The observation attributed to William Gibson that “the future has already arrived – it’s just not evenly distributed” rang particularly true over the last week or so.
I spent a couple of days at what may turn out to be the last conference organised by the government-funded Office of Learning and Teaching. This is the office that has funded and organised national Teaching Awards and Grants for the last few years, and Macquarie has had some solid engagement with both the Awards and the Grants. But this quick post isn’t about the politics of funding support for University Learning and Teaching but about the conference just past. It’s theme was Learning and Teaching 2030. Which is both absurd (it’s so far away) and eminently sensible (it’s not that far away). In a range of presentations to a large number of delegates, the topics covered the usual challenges. Massification, technology, different student expectations.
The other event I attended was the Brian Johns Lecture run by Macquarie’s Centre for Media History. Professor Julianne Schulz presented engagingly on the future of culture industries in the age of FANG (Facebook, Apple/Amazon, Netflix and Google) and the topic focussed on how to preserve Australia’s Cultural identity in the face of twenty first century challenges – summarised in this piece in the Herald.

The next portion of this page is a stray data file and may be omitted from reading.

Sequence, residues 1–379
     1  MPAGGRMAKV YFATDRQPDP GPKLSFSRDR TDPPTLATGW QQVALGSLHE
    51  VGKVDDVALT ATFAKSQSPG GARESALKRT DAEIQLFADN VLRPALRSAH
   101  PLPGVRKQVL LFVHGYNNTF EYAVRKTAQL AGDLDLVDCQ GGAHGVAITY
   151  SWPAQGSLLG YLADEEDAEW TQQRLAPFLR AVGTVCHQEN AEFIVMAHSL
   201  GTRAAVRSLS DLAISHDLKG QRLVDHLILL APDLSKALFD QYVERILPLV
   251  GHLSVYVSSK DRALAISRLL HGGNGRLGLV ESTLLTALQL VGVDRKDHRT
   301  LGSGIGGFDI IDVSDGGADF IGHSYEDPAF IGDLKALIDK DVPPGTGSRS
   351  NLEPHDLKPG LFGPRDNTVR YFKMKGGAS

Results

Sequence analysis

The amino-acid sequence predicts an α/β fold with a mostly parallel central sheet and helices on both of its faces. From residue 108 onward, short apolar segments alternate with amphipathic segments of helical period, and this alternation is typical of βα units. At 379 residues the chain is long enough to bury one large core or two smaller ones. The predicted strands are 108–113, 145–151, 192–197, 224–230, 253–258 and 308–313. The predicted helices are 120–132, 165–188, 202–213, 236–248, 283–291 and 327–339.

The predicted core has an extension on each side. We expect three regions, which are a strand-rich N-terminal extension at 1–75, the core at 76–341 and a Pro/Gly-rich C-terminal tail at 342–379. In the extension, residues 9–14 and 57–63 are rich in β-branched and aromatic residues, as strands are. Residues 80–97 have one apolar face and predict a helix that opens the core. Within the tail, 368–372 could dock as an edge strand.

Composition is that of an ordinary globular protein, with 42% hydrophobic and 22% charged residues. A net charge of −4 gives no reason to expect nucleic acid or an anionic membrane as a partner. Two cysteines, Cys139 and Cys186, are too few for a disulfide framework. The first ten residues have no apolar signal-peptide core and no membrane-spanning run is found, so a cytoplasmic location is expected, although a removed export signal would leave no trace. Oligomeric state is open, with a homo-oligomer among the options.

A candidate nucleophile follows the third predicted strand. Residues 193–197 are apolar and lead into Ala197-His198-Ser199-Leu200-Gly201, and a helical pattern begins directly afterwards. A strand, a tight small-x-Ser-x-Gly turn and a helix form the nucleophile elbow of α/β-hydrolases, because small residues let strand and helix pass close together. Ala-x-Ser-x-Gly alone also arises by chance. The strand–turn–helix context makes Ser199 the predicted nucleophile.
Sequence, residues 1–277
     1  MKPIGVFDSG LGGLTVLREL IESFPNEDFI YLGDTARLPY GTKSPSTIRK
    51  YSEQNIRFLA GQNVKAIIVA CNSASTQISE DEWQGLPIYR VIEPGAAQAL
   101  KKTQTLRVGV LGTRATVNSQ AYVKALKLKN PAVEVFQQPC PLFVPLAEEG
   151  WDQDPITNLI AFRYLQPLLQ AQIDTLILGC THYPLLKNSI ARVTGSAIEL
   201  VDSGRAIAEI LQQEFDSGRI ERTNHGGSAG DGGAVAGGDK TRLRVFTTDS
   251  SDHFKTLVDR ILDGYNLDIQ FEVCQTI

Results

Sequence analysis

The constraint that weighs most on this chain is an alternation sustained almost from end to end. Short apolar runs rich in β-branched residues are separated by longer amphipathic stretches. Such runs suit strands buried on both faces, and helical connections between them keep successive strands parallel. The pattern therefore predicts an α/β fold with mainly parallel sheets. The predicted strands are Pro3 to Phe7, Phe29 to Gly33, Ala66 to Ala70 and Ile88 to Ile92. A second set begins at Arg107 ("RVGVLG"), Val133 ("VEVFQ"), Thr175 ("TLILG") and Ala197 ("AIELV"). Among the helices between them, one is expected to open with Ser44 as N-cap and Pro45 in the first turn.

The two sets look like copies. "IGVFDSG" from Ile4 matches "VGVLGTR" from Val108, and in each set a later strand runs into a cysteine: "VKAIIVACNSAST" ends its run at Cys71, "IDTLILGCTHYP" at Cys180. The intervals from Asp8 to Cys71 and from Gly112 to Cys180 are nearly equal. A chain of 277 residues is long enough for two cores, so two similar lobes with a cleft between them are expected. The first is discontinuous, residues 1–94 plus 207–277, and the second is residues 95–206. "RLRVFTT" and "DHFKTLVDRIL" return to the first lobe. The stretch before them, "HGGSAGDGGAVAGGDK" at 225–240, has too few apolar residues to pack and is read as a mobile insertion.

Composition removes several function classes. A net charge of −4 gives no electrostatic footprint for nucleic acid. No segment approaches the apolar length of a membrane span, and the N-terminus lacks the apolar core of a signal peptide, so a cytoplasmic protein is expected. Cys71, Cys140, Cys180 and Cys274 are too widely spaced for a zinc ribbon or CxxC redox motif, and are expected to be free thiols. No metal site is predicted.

At both events, there was a certain anxiousness about the future, and more than a little worry about how to preserve the ways of the past. But both events were also overwhelming attended by a particular demographic – and mindset. Let’s just say that (with a couple of notable exceptions) I didn’t see too many folk who represented my teenage kids or their peers. The way they engage with information – whether as education, or what we nostalgically still call the culture industries – has almost nothing to do with the habits of most of the audience members at those two events. For example, my kids see no appeal in television; for a generation that has grown up being able to access any video content anywhere, anytime, the constraints of terrestrial broadcasting seem particularly quaint. Similarly, for schoolwork, they are just as adept (perhaps more?) at creating a video, blogging, building a 3-D printed prototype or presenting multimedia to their class as they are a writing an essay.
So it’s not a matter of dealing with what might happen. For many, it already has. For the rest of us still wringing our hands, it’s too late. The future has already arrived….